"My understanding is that dreams are about fifteen percent reality and eighty-five percent construct, and that regressions are the exact reverse, that is, eighty-five percent reality and fifteen percent construct."
"Sometimes what you dream about is a past-life memory fragment and not a Freudian symbol or metaphor or distortion. In waking life perhaps you're traveling in a foreign country or city. You've never traveled there before but you know your way! We could call it déjà vu, but it's more than likely a past-life memory."
The McTavish Regressions explores how one's past lives may influence their current reality. It is not the first book I've read on the topic, so I have already spent some time in fascination of past lives, karma, and deja vu.
Dr. McTavish believes that, through regression therapy, one can learn about the events of their past lives, which in turn will help them unravel the mysteries of why they are who they are today. Dr. Buret is a criminologist wanting to explore the idea of criminal profiling through regression therapy as a means to understand why criminals do what they do and what events in their life or past lives led them to become the person they are today, and that perhaps by unlocking this they can understand themselves better and turn their lives around.
I imagine that they will work together more, but this first book, short as it was, merely laid the groundwork for more to come. The two doctors are credited as the authors for the book and the forward of sorts is written as though it is an actual presentation of medical findings, yet written in story form. So it is an interesting way of presenting a work of fiction.
We are introduced to Laura, a young woman whose desire is to dance despite the fact that she was born without the use of her legs. She struggles with this and, out of desperation, decides to see a therapist, thus meeting Dr. McTavish.
We get to experience one regression session in which we explore Laura's past life in 16th century Catalan. Oddly enough, when Laura was experiencing her regression as something so real for her, that was when I became really immersed into the story, as if I was also there myself. Perhaps that was the author's true goal...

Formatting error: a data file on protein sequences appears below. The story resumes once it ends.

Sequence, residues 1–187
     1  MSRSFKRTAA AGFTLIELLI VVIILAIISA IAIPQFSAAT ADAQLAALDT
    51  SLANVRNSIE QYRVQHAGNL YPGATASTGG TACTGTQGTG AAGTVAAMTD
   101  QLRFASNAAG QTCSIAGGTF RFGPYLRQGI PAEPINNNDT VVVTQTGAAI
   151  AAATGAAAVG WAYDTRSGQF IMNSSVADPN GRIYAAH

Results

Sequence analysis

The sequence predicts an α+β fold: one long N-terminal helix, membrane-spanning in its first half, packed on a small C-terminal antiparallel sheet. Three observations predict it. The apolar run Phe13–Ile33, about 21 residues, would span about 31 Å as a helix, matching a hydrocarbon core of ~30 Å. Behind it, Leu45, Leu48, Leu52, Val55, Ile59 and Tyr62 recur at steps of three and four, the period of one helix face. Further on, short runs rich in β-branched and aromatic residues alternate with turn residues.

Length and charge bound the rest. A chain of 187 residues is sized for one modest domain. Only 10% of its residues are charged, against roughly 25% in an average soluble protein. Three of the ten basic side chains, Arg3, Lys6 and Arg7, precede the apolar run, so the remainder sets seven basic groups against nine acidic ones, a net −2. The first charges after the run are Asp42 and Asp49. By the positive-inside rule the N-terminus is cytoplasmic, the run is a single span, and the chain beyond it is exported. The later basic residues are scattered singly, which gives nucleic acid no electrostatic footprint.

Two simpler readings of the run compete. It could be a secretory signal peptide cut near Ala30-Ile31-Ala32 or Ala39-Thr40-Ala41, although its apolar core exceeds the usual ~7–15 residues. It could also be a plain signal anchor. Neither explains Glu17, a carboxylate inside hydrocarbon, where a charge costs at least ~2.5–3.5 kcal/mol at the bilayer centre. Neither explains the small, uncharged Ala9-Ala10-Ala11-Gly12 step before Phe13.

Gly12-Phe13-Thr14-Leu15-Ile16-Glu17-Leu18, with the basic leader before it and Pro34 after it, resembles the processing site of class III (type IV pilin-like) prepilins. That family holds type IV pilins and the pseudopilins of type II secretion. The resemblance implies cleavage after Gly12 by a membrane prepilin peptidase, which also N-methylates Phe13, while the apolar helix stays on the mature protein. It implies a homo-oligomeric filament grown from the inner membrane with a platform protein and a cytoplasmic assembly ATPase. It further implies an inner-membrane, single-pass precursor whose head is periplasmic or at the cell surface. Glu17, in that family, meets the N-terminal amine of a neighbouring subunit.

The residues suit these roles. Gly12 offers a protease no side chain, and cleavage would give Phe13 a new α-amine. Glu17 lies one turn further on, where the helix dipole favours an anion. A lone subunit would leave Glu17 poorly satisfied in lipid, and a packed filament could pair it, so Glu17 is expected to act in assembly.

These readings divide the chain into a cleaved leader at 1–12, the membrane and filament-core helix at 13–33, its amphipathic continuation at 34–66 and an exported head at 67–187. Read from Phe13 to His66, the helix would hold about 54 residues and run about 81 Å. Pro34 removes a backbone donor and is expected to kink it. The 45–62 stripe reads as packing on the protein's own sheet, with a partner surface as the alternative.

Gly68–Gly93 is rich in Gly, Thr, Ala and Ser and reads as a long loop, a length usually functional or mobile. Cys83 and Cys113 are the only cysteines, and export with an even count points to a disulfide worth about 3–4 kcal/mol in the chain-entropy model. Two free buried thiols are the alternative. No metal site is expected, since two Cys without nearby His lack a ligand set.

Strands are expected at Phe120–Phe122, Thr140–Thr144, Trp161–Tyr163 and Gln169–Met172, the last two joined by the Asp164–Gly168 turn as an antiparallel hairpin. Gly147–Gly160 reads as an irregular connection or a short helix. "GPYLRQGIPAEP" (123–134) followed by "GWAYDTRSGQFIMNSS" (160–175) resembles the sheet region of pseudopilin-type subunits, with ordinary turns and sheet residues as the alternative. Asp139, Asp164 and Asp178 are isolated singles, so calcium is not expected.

The story ends a bit abruptly at the end of their session, at which point Laura wanted to learn more, as do I.
This was a quick afternoon read, and a bit of a stray from my usual genres. I can't wait for the next instalment, and I look forward to learning more about the events that led to Laura's current situation and also the interactions between Dr. McTavish and Dr. Buret and what their collaboration will uncover.
Whoa... I must admit that this read nothing like I expected. At. All.
The McTavish Regressions - the blurb, leads the reader to believe you'll get some romantically enhanced time travel story. What it actually brings you, and I'm sorry to say I waited this long to read it, is a deep investment in in the past and the future. What we can relive from our pasts as a way to cope with our present. That an actual past might exist is profound and almost innocent in belief.
The first quarter of the book was a bit heavy with a lot of scientific terms that meant nothing to me. But as Dr. McTavish opens his case files to Dr. Buret we find out selves willing travelers through many past lives. Each tragic and independently interesting.
Add to both Dr's and their plans for what they can learn off each other you have Laura who I can't decide how I feel about except she is capable of real emotions beyond desire to walk again.
Im interested (and invested) enough to find out with a second book.
LAYOVA Art Collaborative (AC) leaves its personal identity aside, choosing instead to focus on and emphasise love, jealousy, family, freedom, inclusivity, and - above all virtue and sin - the fragility of the human psyche.
LAYOVA's passions are translated through The McTavish Regressions' characters, living and re-living their stories, giving readers a poignant and universal look into healing and belonging.